Finally, the unfunded liabilities of Social Security and Medicare are nearly $109 trillion, or about $352,000 per US citizen (see usdebtclock.org). That number alone is a Debt/GDP ratio of 745% and is so outside the realm of rationality that I didn't bother to put it in the table. Clearly, the recipients of these promises can't possibly hope to receive such benefits in current dollars. Depreciation of the currency or significant cutbacks in the promises (or both) is inevitable. The recognition of the real magnitude of these irresponsible promises should be enough to cause a loss of confidence in the dollar. In my view, unless the US moves to at least begin to address these issues, that day is closer than anyone might think.

All of the public debt was originated by governments and most of the private debt by banks or other financial institutions. In feudal times, serfs owed a significant portion of their toil to their lords. Have times really changed? The lords are now the politicians and "Too Big to Fail" bankers. Many ordinary people are serfs, highly indebted either voluntarily (private debt) or involuntarily (public debt). Looking at debt in this way helps to explain the unholy alliance between Washington and Wall Street (see The Unholy Washington-Wall Street Alliance) and why the "Too Big to Fail" and Washington politicians get richer and richer at the public's expense.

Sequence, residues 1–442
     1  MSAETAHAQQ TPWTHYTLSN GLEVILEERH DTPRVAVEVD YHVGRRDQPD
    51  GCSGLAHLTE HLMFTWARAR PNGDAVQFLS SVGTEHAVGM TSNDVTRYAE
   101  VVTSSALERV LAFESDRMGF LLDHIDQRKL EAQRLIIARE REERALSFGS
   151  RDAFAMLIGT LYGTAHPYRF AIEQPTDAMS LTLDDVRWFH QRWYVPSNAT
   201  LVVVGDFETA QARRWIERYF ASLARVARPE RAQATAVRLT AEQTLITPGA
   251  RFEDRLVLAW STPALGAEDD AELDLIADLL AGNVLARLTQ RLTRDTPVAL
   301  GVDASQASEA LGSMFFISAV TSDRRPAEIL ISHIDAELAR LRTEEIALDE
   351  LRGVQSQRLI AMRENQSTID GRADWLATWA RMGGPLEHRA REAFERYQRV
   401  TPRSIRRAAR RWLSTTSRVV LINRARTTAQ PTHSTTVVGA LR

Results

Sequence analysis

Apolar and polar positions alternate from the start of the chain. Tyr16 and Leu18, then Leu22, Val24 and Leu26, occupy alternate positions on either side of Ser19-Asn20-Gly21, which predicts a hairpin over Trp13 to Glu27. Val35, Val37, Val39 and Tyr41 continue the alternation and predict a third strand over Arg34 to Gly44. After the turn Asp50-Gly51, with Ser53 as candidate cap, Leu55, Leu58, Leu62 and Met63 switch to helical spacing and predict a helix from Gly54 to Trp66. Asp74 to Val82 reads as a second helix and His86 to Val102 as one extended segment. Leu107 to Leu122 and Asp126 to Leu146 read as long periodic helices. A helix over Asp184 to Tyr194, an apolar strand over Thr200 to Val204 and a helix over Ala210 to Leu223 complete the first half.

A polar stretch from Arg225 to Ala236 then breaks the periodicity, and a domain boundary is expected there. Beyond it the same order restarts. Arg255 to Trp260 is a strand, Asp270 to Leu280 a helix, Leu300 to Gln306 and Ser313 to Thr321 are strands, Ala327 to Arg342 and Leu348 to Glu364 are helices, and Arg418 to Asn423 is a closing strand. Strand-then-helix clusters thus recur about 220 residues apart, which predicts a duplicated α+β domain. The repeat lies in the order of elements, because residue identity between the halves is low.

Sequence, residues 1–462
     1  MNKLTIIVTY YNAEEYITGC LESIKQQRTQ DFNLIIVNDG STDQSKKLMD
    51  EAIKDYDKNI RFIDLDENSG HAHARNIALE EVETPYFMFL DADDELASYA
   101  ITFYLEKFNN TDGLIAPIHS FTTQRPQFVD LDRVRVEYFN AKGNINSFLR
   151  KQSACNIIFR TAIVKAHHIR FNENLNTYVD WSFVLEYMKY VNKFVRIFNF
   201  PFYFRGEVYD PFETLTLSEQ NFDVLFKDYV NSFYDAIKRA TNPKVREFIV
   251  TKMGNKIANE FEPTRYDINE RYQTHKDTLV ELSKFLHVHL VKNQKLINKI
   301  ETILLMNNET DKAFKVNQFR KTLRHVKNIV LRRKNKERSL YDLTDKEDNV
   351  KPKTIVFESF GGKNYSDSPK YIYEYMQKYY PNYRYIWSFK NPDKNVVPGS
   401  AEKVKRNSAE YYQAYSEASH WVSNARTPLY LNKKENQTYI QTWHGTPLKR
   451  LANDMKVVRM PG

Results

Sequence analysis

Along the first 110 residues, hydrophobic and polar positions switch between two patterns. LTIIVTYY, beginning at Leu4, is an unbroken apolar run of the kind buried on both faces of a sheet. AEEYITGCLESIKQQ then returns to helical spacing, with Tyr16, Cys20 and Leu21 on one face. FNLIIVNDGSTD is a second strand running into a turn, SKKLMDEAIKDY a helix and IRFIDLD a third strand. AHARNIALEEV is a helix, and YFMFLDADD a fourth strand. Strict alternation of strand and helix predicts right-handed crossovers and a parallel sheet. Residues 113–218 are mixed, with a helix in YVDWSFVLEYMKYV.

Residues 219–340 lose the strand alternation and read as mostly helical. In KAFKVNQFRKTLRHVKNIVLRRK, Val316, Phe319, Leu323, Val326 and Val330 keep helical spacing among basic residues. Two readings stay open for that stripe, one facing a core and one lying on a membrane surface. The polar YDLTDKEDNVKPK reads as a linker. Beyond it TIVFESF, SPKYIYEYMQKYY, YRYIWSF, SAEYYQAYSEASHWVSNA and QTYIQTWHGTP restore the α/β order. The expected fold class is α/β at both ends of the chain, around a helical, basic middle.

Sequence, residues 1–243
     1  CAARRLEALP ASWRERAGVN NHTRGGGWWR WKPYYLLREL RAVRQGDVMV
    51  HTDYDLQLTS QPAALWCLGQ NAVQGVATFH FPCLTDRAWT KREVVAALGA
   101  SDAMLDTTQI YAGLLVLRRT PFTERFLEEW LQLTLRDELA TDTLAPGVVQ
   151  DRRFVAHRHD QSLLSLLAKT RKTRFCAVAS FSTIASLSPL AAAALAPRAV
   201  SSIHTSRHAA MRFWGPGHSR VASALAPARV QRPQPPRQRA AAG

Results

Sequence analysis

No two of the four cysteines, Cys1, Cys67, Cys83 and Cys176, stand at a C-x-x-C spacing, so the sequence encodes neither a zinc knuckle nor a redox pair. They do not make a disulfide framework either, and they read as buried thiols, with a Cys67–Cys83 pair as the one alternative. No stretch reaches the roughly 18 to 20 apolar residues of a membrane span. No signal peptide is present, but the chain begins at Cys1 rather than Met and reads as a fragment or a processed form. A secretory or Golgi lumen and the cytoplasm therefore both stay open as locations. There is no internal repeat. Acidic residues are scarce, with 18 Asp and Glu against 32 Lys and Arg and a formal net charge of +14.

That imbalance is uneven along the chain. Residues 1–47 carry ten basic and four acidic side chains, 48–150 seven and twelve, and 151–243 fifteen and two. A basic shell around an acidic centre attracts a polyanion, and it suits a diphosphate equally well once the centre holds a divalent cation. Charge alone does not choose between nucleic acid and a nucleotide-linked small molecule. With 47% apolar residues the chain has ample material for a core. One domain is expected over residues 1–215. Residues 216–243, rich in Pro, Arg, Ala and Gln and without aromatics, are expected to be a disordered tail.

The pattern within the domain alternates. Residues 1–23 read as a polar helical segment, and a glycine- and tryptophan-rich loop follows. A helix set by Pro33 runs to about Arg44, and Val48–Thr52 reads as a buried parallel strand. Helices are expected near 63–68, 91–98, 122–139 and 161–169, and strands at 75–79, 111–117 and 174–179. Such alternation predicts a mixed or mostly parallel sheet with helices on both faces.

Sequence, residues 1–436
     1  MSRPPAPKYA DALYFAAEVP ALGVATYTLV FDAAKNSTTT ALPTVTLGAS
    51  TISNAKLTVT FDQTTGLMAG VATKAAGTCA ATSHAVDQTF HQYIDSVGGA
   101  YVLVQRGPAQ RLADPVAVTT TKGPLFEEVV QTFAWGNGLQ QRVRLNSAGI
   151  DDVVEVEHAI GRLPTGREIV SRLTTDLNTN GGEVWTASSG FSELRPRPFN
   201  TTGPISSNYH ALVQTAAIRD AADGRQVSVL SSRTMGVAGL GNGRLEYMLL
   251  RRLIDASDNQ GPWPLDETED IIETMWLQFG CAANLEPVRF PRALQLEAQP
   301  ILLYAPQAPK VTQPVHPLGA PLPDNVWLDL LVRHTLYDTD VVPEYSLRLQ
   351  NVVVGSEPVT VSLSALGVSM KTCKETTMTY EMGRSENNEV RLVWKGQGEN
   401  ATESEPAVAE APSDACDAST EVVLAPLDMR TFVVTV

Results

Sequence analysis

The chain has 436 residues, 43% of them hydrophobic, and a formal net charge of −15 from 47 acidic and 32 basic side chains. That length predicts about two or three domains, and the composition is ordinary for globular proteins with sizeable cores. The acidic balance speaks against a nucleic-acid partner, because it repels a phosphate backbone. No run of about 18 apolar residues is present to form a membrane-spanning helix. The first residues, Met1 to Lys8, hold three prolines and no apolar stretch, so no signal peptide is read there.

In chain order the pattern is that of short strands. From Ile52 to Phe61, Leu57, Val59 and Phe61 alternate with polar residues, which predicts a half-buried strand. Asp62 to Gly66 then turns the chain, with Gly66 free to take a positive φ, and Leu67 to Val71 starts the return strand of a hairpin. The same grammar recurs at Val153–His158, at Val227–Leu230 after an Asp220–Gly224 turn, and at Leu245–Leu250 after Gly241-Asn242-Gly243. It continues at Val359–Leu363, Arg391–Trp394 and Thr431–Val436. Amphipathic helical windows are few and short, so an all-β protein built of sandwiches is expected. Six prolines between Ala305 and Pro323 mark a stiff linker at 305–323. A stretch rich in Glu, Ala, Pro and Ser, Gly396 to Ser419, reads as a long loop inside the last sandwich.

While US citizens are drowning in debt, the political system appears incapable of reducing it. In fact, the politicians continue to expand it in the erroneous belief that more debt will help. There are only two ways out: years of austerity or currency devaluation/inflation. The political system won't allow the former. Buy Gold!